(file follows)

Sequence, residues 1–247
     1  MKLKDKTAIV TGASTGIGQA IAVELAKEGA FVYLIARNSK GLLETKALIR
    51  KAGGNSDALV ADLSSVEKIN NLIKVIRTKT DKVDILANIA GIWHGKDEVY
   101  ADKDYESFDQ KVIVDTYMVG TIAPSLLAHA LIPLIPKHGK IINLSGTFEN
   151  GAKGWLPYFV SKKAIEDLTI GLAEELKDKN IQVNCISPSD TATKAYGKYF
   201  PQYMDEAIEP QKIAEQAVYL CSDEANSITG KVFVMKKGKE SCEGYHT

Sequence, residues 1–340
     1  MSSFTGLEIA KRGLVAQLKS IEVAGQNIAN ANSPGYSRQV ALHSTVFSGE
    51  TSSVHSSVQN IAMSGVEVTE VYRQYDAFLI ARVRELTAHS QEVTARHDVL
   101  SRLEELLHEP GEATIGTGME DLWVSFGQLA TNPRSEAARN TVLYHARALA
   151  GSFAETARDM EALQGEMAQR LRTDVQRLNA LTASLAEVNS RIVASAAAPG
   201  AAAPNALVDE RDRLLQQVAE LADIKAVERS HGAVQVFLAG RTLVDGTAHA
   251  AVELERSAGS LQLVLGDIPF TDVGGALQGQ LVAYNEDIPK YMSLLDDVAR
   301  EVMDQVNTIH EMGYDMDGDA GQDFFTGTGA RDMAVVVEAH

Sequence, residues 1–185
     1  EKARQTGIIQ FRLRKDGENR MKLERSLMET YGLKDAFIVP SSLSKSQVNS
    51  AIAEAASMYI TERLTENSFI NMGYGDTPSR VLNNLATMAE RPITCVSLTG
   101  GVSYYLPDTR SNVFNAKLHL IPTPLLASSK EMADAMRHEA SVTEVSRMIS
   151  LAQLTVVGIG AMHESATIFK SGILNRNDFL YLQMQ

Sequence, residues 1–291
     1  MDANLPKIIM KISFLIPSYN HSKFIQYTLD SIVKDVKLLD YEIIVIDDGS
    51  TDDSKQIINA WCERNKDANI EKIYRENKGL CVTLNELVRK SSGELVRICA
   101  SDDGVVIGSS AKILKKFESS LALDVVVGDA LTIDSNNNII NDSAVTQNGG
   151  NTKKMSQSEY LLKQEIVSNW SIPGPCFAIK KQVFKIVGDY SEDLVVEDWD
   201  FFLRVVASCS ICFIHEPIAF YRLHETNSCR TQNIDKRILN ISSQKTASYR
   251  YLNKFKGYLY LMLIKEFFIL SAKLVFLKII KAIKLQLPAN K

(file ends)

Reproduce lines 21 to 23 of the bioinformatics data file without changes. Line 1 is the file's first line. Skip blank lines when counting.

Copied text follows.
     1  MDANLPKIIM KISFLIPSYN HSKFIQYTLD SIVKDVKLLD YEIIVIDDGS
    51  TDDSKQIINA WCERNKDANI EKIYRENKGL CVTLNELVRK SSGELVRICA
   101  SDDGVVIGSS AKILKKFESS LALDVVVGDA LTIDSNNNII NDSAVTQNGG